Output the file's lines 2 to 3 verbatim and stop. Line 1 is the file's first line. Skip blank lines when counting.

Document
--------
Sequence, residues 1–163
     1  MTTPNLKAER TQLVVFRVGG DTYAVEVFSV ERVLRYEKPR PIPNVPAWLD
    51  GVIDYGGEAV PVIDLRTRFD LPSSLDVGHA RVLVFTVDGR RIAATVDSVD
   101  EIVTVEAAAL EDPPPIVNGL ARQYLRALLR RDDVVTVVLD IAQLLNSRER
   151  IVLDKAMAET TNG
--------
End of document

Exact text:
     1  MTTPNLKAER TQLVVFRVGG DTYAVEVFSV ERVLRYEKPR PIPNVPAWLD
    51  GVIDYGGEAV PVIDLRTRFD LPSSLDVGHA RVLVFTVDGR RIAATVDSVD